|Date||26th May 2016|
|Society||Stevenage Lytton Players|
|Venue||The Lytton Theatre|
|Type of Production||Musical|
|Director||Derek Blyth and Slava Budin-Jones|
|Musical Director||Derek Blyth|
Author: Vicki Avery
This is an absolutely charming musical and the society performed it with great style. The whole cast seemed to get the lighthearted feel of the show and sang and danced with great vigour.
Timothy and Jane were a lovely couple. Helen Dunlop sang and danced with just the right tone for the style of music and Tom Beirne, who stepped up to the plate at the last minute looked and sounded perfect as Timothy.
Rebecca White and Rob Paice worked hard as Fiona and Nigel making the perfect second pair.
Troppo played so well by Barry Woolhead was super. His mime to every action was simple but effective and the dancing and general performance excellent. Playing a non-singing non-speaking part is by no means an easy task but Barry gave so much to the very likeable character that was lovely to watch.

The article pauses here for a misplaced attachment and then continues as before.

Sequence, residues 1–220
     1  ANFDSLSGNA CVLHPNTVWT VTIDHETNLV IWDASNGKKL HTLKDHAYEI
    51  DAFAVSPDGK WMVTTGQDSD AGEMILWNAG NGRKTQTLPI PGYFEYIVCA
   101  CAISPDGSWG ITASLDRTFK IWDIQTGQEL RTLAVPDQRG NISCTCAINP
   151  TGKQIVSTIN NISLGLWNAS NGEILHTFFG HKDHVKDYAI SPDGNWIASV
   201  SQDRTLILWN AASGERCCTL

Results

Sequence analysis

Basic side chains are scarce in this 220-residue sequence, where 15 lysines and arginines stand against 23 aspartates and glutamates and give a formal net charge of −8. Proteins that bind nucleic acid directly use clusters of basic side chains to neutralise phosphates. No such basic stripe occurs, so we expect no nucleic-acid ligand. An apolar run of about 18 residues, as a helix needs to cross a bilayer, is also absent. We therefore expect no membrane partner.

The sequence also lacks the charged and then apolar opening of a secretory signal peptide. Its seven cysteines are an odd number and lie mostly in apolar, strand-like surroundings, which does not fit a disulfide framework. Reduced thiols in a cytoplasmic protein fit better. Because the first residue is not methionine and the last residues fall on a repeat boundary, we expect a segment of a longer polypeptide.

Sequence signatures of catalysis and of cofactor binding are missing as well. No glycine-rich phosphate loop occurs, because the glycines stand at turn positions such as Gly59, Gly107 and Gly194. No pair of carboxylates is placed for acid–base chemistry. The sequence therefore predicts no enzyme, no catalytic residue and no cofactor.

The Duo between P.C Boot and Rowena played by Aaron Govey and Amy Parker was very together, and the tremendous fun with P.C Boot and his Inspector played by John Dunleavy was so funny in their variations in the dance section that the audience really enjoyed every moment.
I liked Kevin Grace’s Sir Clamsby very much and also Rob Paice as Nigel. Upper crust manner were well maintained and complemented the stylized feel of the whole feel of the piece.
The nightclub scene was nicely done and Justine Mileusnic was an excellent Asphynxia, with Bob Sulzbach cast as the perfect sleazy Nightclub Manager. His performance of “Cleopatra” was expertly paced, allowing the audience to guess the final words of each rhyming couplet before he sang them. What a clever audience we were!!
Maxine Holmes as Lady Raeburn certainly had her fair share of treatments in the beauty parlor and although it was a short scene never the less it was effective, fun and one which the audience found very amusing.
Wendy Warnaby was a convincing Mrs. Dawes and one could not fail to recognize the variety of facial expressions she employed with each character she played.
Kevin Grace a very jolly Uncle Zed, ably assisted by Richard Petch as Electrode.
The chorus and many other characters all worked well together and the singing generally was very tuneful and bounced along merrily.
Pace, projection and movement was very good throughout and with musical accompaniment from keyboard (MD Derek Blyth) and drums (Adrian Dunlop), the whole evening offered another pleasant evening’s entertainment at the Lytton Theatre.
Thank you once again for your generous hospitality